The aesthetic argument for God’s existence proposes that an abundance of beauty and the human capacity to appreciate beauty fits better in a world with God than in a world without God that is driven by mere survivability. Thus, beauty may best be explained as a pointer to God. Because all people seem to be attracted to some form of beauty, the aesthetic case for God may be an underutilized apologetics gem.

May we be motivated to appreciate the beauty all around us and to discuss its origin with skeptics who also see that beauty.

Reflections: Your Turn 

While I am especially moved by the historical art of Christendom, my wife Joan is drawn to the beauty of nature (e.g., natural parks). What form of beauty do you find most appealing? 



  1. “Inside the Vatican Museums,” EWTN Vaticano Special, YouTube, December 31, 2017; youtube.com/watch?v=xg8SVfl40NU.
  2. William C. Davis, “Theistic Arguments,” in Reason for the Hope Within, ed. Michael J. Murray (Grand Rapids: Eerdmans, 1999), 39.
  3. Davis, “Theistic Arguments,” 39.
  4. Paul Copan, Loving Wisdom: Christian Philosophy of Religion (St. Louis: Chalice Press, 2007), 110.
  5. Copan, Loving Wisdom, 110.
  6. Paul Draper, “Seeking but Not Believing: Confessions of a Practicing Agnostic,” in Divine Hiddenness: New Essayseds.Daniel Howard-Snyder and Paul  K. Moser (Cambridge, UK: Cambridge University Press, 2002), 204.
  7. Draper, “Seeking but Not Believing,” 204.

  One thought on “God as the Best Explanation of Beauty

  1. November 19, 2019 at 7:44 am

    Great post. Your presentation definitely takes the next steps toward making a case for the existence of God, aside of the popular classical arguments from cosmology, design and moral law. The argument for the existence of God should be included, and I have sought a good explanation from the argument, but this one does it. Keep up the great work. Blessings, Rob

    • November 19, 2019 at 8:51 am

      Thanks, Rob.

      Ken Samples

  2. November 19, 2019 at 9:24 am

    But much has been written about the survival value of beauty. Fit people look good. Healthy foodstuffs communicate through colors.

    • November 19, 2019 at 10:06 am


      Thanks for your comments.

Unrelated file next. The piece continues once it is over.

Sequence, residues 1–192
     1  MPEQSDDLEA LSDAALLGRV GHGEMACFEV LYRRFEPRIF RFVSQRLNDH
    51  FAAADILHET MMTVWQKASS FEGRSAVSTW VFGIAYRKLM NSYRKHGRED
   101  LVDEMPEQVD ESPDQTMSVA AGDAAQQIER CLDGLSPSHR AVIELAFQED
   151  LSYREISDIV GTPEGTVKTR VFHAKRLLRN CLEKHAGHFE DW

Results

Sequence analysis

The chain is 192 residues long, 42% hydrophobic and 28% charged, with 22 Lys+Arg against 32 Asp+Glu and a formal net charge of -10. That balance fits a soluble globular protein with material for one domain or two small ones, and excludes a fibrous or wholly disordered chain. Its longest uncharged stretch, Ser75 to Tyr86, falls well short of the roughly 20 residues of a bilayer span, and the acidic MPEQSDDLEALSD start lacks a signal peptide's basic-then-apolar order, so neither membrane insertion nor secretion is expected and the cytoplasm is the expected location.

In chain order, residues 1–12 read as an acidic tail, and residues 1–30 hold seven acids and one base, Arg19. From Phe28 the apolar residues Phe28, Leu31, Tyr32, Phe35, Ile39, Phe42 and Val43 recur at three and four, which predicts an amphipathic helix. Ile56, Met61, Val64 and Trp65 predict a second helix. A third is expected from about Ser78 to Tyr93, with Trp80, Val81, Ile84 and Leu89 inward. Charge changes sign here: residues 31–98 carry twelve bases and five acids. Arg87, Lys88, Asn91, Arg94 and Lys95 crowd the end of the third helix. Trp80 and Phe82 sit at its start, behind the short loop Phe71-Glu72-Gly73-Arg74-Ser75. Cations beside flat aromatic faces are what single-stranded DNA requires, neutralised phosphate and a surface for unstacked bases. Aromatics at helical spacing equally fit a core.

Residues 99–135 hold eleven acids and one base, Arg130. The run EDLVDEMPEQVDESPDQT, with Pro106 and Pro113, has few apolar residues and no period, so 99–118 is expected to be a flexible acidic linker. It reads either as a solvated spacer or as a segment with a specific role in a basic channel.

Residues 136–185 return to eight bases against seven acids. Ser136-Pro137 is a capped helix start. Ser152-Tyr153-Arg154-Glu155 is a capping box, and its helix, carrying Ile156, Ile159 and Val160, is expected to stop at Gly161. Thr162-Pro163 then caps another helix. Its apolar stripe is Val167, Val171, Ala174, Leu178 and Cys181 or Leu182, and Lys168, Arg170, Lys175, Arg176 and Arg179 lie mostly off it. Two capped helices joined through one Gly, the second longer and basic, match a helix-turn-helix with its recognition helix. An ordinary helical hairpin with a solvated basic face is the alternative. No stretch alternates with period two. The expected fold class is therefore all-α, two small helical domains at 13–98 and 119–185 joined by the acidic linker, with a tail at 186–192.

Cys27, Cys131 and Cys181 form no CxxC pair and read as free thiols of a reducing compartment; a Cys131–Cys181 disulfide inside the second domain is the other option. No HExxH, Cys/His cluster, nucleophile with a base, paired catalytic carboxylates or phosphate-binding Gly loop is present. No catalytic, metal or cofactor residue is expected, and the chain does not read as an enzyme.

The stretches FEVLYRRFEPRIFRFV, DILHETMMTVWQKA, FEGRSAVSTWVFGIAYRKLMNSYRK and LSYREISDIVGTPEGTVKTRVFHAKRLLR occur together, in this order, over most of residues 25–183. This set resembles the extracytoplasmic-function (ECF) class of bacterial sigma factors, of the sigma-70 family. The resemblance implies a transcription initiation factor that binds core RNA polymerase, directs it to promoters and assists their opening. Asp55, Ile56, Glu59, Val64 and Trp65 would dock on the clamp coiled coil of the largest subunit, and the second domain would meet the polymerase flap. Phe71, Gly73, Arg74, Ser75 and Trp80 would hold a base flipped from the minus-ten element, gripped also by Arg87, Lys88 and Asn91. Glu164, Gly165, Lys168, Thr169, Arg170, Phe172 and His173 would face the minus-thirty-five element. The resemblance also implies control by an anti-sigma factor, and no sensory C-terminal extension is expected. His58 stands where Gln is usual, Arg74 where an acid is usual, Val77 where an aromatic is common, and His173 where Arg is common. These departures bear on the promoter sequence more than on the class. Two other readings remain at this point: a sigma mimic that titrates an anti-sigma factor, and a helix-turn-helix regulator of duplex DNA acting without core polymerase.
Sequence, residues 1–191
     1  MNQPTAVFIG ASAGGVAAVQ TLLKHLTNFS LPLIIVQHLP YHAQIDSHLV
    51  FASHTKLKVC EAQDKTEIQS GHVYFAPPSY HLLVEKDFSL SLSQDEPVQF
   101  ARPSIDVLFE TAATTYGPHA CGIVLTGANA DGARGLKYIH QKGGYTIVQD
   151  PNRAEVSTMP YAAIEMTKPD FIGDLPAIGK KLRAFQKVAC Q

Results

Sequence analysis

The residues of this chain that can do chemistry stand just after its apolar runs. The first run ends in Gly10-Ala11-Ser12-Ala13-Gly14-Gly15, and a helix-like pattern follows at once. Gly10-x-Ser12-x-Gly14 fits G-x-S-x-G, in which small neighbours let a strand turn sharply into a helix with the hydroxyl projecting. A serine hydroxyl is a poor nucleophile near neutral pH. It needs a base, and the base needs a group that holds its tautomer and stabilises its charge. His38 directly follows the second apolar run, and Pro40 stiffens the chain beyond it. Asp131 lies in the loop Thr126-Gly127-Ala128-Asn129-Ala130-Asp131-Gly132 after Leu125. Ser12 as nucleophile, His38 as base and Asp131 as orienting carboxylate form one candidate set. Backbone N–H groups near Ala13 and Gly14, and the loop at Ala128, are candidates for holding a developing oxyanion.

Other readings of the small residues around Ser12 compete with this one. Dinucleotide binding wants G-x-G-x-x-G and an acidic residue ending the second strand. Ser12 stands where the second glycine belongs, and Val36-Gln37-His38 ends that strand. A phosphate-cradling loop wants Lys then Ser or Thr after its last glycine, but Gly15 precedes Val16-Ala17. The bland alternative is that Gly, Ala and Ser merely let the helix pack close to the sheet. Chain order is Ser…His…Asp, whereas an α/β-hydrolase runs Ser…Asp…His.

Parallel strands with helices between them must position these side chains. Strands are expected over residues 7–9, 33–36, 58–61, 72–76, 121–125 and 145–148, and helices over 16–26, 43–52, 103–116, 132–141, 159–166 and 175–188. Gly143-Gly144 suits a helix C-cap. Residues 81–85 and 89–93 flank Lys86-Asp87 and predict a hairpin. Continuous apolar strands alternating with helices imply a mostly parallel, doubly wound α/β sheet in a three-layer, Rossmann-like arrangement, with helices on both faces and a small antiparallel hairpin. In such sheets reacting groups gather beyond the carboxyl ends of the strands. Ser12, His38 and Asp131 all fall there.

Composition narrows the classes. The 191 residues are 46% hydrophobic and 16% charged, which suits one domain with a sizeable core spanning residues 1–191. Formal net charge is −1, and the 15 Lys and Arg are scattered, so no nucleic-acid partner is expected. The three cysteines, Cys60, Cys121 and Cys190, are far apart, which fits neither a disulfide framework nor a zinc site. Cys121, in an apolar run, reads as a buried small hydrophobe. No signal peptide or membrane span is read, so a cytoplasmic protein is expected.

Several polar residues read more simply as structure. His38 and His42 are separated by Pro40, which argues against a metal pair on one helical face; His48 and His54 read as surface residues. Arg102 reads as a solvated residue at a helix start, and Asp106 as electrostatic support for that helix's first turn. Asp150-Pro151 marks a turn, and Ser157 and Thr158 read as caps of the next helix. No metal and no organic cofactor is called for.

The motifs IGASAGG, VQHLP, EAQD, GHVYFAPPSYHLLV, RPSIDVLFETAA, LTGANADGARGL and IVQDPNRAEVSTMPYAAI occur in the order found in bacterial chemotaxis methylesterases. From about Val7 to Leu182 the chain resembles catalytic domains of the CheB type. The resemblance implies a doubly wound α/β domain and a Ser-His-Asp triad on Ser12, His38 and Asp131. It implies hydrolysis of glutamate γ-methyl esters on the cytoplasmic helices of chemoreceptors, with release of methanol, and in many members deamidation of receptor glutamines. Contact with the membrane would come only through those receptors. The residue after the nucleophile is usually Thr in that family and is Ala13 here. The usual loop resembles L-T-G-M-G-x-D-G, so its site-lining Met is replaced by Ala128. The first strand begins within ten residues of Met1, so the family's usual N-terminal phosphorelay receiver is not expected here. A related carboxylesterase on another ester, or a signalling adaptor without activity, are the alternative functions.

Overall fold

I personally find it very difficult to think that beauty in a world without God somehow supports the survivability of the human species.

      And as my article indicates, so do some atheist philosophers.

      Best regards.

      Ken Samples

      • Deno
        November 24, 2019 at 8:33 am

        Im just recalling what DR Ross said second hand There is nothing as beautiful as Mathematical equations esp in physics Take for ie General relativity

      • November 24, 2019 at 9:57 am

        Thanks, Deno.

        Ken Samples

  3. Chris Morris
    November 19, 2019 at 12:51 pm

    In such a brief essay as this it’s not possible to look at all of the arguments but you do seem to have skimmed over a couple of points that it would be useful to explore.

    In your response to the previous comment you admit to finding it difficult to credit any possibility of a naturalistic explanation without really engaging with the idea that attractiveness certainly does have survival value in many ways. Although you quote Draper as an atheist philosopher presenting the idea of beauty supporting theism, the context of his argument is not clear from the quotations. Coming, as it does, from a collection of essays on divine hiddenness one suspects that the context may make a difference.

    The other problem is the jump from aesthetics to an aesthetic argument for theism. As you recognise in your concluding question, there are many opinions on what constitutes beauty, a relativism that seems to present a problem for the argument.

    • November 19, 2019 at 1:45 pm



      Thanks for your comments.

      Here’s my very brief response:

      My article is brief but I think it is clear and helpful in at least beginning to introduce the provocative subject.

      Regarding attractiveness, even if it is survival conducive I don’t think it rescues the worldview of naturalism’s difficulty when it comes to accounting for beauty.

      Regarding the Draper quote, I think if you check it you will find that it represents his view fairly.

      Also regarding your comment about the challenge of defining beauty, I think people nevertheless know it when they see it and I think it is reasonable to inquire about how to account for it (thus an abductive argument).

      Best regards.

      Ken Samples

  4. ethos6
    November 20, 2019 at 8:10 pm